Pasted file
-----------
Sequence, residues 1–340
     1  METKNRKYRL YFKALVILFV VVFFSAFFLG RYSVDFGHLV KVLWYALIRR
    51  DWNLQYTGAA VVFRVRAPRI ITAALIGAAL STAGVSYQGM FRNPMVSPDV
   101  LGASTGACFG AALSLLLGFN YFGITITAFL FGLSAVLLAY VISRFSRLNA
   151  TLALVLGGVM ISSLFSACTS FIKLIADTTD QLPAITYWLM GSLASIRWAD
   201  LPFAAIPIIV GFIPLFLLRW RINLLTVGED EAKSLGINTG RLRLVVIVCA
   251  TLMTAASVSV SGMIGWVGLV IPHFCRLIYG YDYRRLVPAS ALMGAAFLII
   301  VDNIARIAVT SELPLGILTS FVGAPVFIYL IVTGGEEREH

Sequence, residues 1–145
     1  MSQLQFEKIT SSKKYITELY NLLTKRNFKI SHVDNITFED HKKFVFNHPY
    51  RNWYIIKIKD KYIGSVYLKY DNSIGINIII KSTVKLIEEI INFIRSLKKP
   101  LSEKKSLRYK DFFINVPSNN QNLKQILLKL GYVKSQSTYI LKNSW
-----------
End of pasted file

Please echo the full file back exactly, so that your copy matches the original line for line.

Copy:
Sequence, residues 1–340
     1  METKNRKYRL YFKALVILFV VVFFSAFFLG RYSVDFGHLV KVLWYALIRR
    51  DWNLQYTGAA VVFRVRAPRI ITAALIGAAL STAGVSYQGM FRNPMVSPDV
   101  LGASTGACFG AALSLLLGFN YFGITITAFL FGLSAVLLAY VISRFSRLNA
   151  TLALVLGGVM ISSLFSACTS FIKLIADTTD QLPAITYWLM GSLASIRWAD
   201  LPFAAIPIIV GFIPLFLLRW RINLLTVGED EAKSLGINTG RLRLVVIVCA
   251  TLMTAASVSV SGMIGWVGLV IPHFCRLIYG YDYRRLVPAS ALMGAAFLII
   301  VDNIARIAVT SELPLGILTS FVGAPVFIYL IVTGGEEREH

Sequence, residues 1–145
     1  MSQLQFEKIT SSKKYITELY NLLTKRNFKI SHVDNITFED HKKFVFNHPY
    51  RNWYIIKIKD KYIGSVYLKY DNSIGINIII KSTVKLIEEI INFIRSLKKP
   101  LSEKKSLRYK DFFINVPSNN QNLKQILLKL GYVKSQSTYI LKNSW